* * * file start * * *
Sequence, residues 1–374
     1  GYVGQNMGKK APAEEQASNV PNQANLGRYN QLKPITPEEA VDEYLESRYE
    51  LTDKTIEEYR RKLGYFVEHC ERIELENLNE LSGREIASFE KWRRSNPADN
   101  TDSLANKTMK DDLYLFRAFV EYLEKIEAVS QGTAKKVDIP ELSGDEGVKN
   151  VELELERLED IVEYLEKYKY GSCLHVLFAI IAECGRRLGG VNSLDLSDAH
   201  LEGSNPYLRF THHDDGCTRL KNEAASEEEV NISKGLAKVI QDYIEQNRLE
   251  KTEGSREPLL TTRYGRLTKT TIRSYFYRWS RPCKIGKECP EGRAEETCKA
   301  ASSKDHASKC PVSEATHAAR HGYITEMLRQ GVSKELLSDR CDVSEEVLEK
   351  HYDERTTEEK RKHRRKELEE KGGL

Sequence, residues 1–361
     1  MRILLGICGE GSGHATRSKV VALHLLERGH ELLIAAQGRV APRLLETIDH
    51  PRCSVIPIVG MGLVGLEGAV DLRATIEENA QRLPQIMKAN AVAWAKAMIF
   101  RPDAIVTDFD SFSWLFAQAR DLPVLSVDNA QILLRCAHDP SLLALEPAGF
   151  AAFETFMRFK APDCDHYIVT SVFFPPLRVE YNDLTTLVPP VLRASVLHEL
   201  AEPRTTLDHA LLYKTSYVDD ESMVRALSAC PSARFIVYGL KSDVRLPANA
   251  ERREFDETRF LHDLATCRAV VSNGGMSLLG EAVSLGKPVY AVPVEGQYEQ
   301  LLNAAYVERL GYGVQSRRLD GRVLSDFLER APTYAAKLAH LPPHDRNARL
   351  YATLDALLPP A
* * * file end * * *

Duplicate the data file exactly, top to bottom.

Sequence, residues 1–374
     1  GYVGQNMGKK APAEEQASNV PNQANLGRYN QLKPITPEEA VDEYLESRYE
    51  LTDKTIEEYR RKLGYFVEHC ERIELENLNE LSGREIASFE KWRRSNPADN
   101  TDSLANKTMK DDLYLFRAFV EYLEKIEAVS QGTAKKVDIP ELSGDEGVKN
   151  VELELERLED IVEYLEKYKY GSCLHVLFAI IAECGRRLGG VNSLDLSDAH
   201  LEGSNPYLRF THHDDGCTRL KNEAASEEEV NISKGLAKVI QDYIEQNRLE
   251  KTEGSREPLL TTRYGRLTKT TIRSYFYRWS RPCKIGKECP EGRAEETCKA
   301  ASSKDHASKC PVSEATHAAR HGYITEMLRQ GVSKELLSDR CDVSEEVLEK
   351  HYDERTTEEK RKHRRKELEE KGGL

Sequence, residues 1–361
     1  MRILLGICGE GSGHATRSKV VALHLLERGH ELLIAAQGRV APRLLETIDH
    51  PRCSVIPIVG MGLVGLEGAV DLRATIEENA QRLPQIMKAN AVAWAKAMIF
   101  RPDAIVTDFD SFSWLFAQAR DLPVLSVDNA QILLRCAHDP SLLALEPAGF
   151  AAFETFMRFK APDCDHYIVT SVFFPPLRVE YNDLTTLVPP VLRASVLHEL
   201  AEPRTTLDHA LLYKTSYVDD ESMVRALSAC PSARFIVYGL KSDVRLPANA
   251  ERREFDETRF LHDLATCRAV VSNGGMSLLG EAVSLGKPVY AVPVEGQYEQ
   301  LLNAAYVERL GYGVQSRRLD GRVLSDFLER APTYAAKLAH LPPHDRNARL
   351  YATLDALLPP A